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Literature review: Effective teamwork and team diversity in engineering education


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Given the prevalent use of heterogeneous teams in education and the workplace, the engineering community has been calling on educators to embed team diversity into the team-based activities as a simulation of the real work environment. However, in engineering classrooms, like many others, students often dislike working in diverse groups, instead choosing to work with those of the same background as themselves. Such a preference limits the students’ capacity to communicate or work cooperatively with those from diverse backgrounds (Wilson-Medhurst, 2016) and arises from a lack of understanding of the skills, practices and social attitudes engineering graduates require and the nature of the work they do (Trevelyan, 2009). Adopting a teamwork culture by students of different cognitive abilities and demographics with high social integration will lead eventually to more innovative solutions to engineering problems, as well as developing the necessary expertise to become professional engineers (Murzi et al., 2020). In engineering fields, research proves that diverse teams can generate more innovative solutions and products to suit a wide range of users. Guillaume et al. (2017) stressed the importance of diversity to facilitate the elaboration of task-relevant information which leads to innovation and better decision‐making. Diverse teams are more likely to constantly re-examine facts, remain objective and avoid restricted thinking (Rock & Grant, 2016).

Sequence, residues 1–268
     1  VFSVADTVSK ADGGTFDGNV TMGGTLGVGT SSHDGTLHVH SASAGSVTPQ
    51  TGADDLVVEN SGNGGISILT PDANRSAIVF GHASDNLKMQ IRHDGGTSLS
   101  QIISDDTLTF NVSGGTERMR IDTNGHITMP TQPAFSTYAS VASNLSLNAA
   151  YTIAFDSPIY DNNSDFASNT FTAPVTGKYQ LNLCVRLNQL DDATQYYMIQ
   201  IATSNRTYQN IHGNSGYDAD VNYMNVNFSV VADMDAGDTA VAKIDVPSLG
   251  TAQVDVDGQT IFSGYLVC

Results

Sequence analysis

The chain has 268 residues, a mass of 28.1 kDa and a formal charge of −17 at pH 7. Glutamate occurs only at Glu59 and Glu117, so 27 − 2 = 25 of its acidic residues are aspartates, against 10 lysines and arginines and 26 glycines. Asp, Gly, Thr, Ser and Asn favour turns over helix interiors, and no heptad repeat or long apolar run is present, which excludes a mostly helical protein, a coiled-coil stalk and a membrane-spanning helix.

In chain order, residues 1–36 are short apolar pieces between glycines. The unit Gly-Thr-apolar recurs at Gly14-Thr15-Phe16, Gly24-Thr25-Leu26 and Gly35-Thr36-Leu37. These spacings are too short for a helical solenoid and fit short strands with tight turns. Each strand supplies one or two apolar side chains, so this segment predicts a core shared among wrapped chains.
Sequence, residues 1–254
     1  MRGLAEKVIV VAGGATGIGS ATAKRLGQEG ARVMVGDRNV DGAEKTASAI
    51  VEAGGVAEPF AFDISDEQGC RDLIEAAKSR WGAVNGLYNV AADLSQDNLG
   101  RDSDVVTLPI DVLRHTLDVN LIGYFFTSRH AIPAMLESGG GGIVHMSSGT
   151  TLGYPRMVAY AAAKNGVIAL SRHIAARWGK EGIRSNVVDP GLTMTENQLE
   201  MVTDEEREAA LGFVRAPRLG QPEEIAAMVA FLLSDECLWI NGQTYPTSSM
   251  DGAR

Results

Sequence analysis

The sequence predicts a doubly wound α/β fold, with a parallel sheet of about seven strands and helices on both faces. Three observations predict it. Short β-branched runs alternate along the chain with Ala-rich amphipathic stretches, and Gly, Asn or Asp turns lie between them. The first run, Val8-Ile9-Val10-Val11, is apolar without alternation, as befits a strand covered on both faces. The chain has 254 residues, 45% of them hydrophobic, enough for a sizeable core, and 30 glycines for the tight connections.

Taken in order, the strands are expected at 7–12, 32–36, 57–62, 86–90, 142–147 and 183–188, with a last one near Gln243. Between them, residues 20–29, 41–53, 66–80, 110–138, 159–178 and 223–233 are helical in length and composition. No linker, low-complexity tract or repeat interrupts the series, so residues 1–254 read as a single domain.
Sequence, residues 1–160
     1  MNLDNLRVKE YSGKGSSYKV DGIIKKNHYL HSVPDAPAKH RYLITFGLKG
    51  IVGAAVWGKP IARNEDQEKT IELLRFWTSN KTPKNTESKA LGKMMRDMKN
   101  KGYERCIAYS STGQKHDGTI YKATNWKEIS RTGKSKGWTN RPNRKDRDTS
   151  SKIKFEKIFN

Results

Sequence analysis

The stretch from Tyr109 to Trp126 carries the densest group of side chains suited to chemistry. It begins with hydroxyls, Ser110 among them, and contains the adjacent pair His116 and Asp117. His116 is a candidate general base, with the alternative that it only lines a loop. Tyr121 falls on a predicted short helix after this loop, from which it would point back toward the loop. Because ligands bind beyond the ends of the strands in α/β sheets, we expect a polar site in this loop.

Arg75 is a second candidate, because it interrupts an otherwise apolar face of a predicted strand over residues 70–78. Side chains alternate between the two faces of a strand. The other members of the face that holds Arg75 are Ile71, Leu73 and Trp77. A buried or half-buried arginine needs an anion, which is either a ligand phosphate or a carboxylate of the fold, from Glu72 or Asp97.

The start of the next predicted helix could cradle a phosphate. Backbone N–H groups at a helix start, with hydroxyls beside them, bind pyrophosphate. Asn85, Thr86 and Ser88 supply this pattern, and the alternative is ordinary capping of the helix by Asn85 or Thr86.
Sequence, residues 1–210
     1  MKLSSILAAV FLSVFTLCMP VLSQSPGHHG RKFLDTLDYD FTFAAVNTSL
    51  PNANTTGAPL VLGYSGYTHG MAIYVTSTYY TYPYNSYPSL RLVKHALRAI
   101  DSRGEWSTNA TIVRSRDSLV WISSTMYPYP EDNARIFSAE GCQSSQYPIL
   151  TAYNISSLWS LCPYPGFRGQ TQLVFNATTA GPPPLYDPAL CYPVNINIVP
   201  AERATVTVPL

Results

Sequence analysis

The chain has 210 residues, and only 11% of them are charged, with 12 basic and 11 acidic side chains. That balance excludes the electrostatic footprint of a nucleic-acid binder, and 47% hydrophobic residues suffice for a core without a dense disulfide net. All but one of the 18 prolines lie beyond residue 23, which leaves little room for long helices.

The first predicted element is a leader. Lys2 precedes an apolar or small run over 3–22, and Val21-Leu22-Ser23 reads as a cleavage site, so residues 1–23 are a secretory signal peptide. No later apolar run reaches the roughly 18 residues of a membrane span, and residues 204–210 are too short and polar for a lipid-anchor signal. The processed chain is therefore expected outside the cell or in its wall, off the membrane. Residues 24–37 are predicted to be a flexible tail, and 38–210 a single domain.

In this review, we aim to explain the impact of team diversity on team performance using two metrics: team qualitative and quantitative outcomes; and team social integration.
We examine the impact of team diversity on team performance by reviewing the literature on diversity of teams. Addressing diversity in the curriculum can be done through active learning approaches and teamwork activities (Curşeu & Pluut, 2013). These approaches provide an environment that is more aligned to the professional environment than ‘traditional’ teaching methods and provide a context to develop the social skills that empower students in different disciplines but specifically effective teamwork (Hsiung, 2012). Structured, team-based activities can offer multiple learning opportunities and identify challenging cultural diversity and people-based issues that students are likely to come across during their study (Sleeter, 2001).
The literature reviewed in this paper found that team diversity was more likely to positively impact on the first performance metric (quality and quantity of outcomes), but the results on the second metric were mixed (social integration).

Item Type: Paper presented at a conference, workshop or other event, and published in the proceedings
Uncontrolled Keywords: Teamwork, diversity, team performance
Subjects: T Technology > TJ Mechanical engineering and machinery
Divisions: Schools > Centre for Engineering and Industrial Design
Depositing User: Mohammad Al-Rawi
Date Deposited: 23 Nov 2020 22:23
Last Modified: 21 Jul 2023 09:06

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